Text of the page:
<title>Welcome</title>
    <script type="text/javascript">
      alert('Your dog loves you.');
    </script>
  </head>
  <body>
    <h1>Welcome</h1>
    <p>Welcome to the Web site of truth and beauty.</p>
  </body>
</html>

Figure 1. On-page JS

You can try the page.

There’s one line of JavaScript, in line 7. The alert statement shows a message to the user.

Renata
Renata

What about lines 6 and 8? They look like HTML, with the < and >.

Kieran
Kieran

You’re right, they are HTML. The <script> tag tells the browser that it’s about the get some program code. If you put code on a page, you must use the <script> tag.

CC
CC

What about type="text/javascript"? Does that need to be there?

Kieran
Kieran

Yes, always include it. Some browsers can understand more than one programming language. The type attribute tells the browser what language to expect.

Your program will usually still work if you omit the type, but put it in anyway, so there is never any confusion.

In Figure 1, I put the script into the <head>. It doesn’t have to go into the <head>, but it’s common.

Renata
Renata

When I tried the page in Figure 1, the message box showed before any content. Like this:

Alert

Only after I clicked the OK button, did any content show.

After alert

Is that normal?

Kieran
Kieran

Yes, that’s what the browser should do. The alert() was in the HTML file (Figure 1) before any content. So it ran before any of the content showed.

This isn’t usually what we want, as we’ll see later.

Including a file

What if you want to include the same JS code on many pages? You can put the code into an external file, and then tell each page to load it.

<!DOCTYPE HTML PUBLIC  "-//W3C//DTD HTML 4.01//EN" "http://www.w3.org/TR/html4/strict.dtd">
<html>
  <head>
    <meta http-equiv="Content-Type" content="text/html; charset=utf-8">
    <title>Welcome</title>
    <script type="text/javascript" src="alert.js"></script>
  </head>
  <body>
    <h1>Welcome</h1>
    <p>Welcome to the Web site of truth and beauty.</p>
  </body>
</html>

Figure 2. Including a JS file

Line 6 loads an external file. Here’s the content of the file alert.js.

alert('Your dog loves you.');

Figure 3. The JS file

If you need to change the code – maybe show a different message – then you change the one file alert.js. Every page that includes the file will be changed.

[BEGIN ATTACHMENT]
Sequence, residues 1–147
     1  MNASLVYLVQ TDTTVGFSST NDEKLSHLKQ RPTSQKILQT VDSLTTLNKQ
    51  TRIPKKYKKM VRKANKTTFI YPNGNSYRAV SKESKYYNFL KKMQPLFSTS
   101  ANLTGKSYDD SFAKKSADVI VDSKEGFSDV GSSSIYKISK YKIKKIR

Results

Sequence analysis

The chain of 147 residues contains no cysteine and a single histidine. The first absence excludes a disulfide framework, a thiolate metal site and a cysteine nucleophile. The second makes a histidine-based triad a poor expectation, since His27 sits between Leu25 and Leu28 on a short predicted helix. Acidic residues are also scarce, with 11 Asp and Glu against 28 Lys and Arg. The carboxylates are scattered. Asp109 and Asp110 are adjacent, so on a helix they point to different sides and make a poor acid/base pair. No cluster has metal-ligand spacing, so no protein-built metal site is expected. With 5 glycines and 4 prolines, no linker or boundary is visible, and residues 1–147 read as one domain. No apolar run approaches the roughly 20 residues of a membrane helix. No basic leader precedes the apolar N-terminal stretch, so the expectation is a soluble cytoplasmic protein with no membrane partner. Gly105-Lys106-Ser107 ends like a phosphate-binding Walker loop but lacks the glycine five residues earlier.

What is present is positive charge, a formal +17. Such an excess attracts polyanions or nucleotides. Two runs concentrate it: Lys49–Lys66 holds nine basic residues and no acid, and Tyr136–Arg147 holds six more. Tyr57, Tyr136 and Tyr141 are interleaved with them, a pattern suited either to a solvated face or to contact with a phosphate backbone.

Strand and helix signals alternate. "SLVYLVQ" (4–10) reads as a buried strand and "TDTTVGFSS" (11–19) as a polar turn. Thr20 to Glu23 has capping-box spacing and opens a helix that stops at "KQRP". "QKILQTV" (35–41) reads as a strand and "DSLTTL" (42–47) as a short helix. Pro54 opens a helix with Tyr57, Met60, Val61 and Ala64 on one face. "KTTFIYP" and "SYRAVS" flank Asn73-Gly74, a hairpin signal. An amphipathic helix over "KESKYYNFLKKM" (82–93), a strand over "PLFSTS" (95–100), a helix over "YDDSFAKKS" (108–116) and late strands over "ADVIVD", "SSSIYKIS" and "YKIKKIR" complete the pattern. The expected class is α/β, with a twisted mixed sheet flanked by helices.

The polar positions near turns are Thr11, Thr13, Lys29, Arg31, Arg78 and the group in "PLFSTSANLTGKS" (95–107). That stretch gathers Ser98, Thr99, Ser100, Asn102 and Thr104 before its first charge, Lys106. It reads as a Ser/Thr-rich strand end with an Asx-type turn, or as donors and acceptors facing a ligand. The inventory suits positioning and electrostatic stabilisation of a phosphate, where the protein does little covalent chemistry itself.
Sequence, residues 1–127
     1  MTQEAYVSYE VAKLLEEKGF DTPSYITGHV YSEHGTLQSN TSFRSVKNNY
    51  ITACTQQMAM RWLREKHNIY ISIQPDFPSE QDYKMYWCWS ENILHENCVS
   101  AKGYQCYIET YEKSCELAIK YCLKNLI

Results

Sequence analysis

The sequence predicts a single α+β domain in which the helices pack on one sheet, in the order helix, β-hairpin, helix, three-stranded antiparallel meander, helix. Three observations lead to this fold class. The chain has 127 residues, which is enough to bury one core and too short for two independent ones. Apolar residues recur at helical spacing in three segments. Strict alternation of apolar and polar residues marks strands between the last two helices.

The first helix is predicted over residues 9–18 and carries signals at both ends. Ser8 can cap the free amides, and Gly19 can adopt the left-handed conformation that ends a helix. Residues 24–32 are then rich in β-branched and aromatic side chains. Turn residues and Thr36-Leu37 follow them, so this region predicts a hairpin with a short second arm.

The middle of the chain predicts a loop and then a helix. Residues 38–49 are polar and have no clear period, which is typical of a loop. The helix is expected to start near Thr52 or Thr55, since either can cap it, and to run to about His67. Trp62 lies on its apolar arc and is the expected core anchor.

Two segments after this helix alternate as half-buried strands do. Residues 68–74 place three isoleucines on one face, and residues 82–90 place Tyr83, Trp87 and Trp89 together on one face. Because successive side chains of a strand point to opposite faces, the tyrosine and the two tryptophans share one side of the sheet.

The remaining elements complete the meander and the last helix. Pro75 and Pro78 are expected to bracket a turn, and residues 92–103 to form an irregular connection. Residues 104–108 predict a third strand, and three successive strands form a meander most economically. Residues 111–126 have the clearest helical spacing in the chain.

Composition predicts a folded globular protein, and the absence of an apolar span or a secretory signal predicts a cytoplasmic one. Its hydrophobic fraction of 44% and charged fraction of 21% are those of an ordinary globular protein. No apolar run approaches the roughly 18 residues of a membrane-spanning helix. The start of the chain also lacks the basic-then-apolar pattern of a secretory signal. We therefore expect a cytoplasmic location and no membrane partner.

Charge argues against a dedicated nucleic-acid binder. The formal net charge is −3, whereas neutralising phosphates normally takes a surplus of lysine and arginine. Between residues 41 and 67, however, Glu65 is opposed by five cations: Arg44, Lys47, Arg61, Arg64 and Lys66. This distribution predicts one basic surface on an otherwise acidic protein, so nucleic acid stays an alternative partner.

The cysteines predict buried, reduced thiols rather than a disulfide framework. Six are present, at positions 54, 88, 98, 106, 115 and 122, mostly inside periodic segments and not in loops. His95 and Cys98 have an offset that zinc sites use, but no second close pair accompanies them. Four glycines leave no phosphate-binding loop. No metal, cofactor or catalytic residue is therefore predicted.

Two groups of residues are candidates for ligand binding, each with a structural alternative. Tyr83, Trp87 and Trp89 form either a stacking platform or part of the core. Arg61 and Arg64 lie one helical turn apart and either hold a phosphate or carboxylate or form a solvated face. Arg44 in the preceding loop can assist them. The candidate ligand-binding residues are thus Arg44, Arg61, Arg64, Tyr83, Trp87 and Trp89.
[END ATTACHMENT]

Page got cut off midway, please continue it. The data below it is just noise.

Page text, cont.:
This pattern – putting stuff in a separate file and loading that file into many different pages – is used a lot. It significantly reduces the cost of changing a site.

Exercise: Change the message

Change the alert() message to “Be kind to your dog.” Upload your solution to your server, and paste the URL below.

(Log in to enter your solution to this exercise.)

Can't find the 'comment' module! Was it selected?

Exercise: Add a message

Add a second alert() message, like “Play with your dog.” Upload your solution to your server, and paste the URL below.

Hint: Copy-and-paste the alert(...); line.

(Log in to enter your solution to this exercise.)

Can't find the 'comment' module! Was it selected?

Including the jQuery library

JS can be a pain to write. To make it easier, we’re going to use the way cool jQuery library.

Add this to your pages that use JavaScript:

<script type="text/javascript" src="http://ajax.googleapis.com/ajax/libs/jquery/1.3.2/jquery.min.js"></script>

Figure 4. Including jQuery

This will download jQuery from one of Google’s servers. This line downloads version 1.3.2. You can include a newer version, if you prefer.

One of the real pains of JS was that you would have to write different versions of your code for different browsers. What would work in Firefox, Chrome, and Safari would not work in Internet Explorer.

jQuery makes that problem go away. Write your code once, and jQuery will make it run everywhere. It also does animations and other cool things.

What now?

Let’s see how you write simple programs.

Understanding variables

Where are we?

You know how to put JavaScript on a page, and show some messages. To go any further, you’ll need to know about variables.

This lesson’s goals

By the end of this lesson, you should know:

  • A variable is a place in computer memory to store data.
  • Variables let you keep data for later.
  • Variables make your code easier to write, and understand.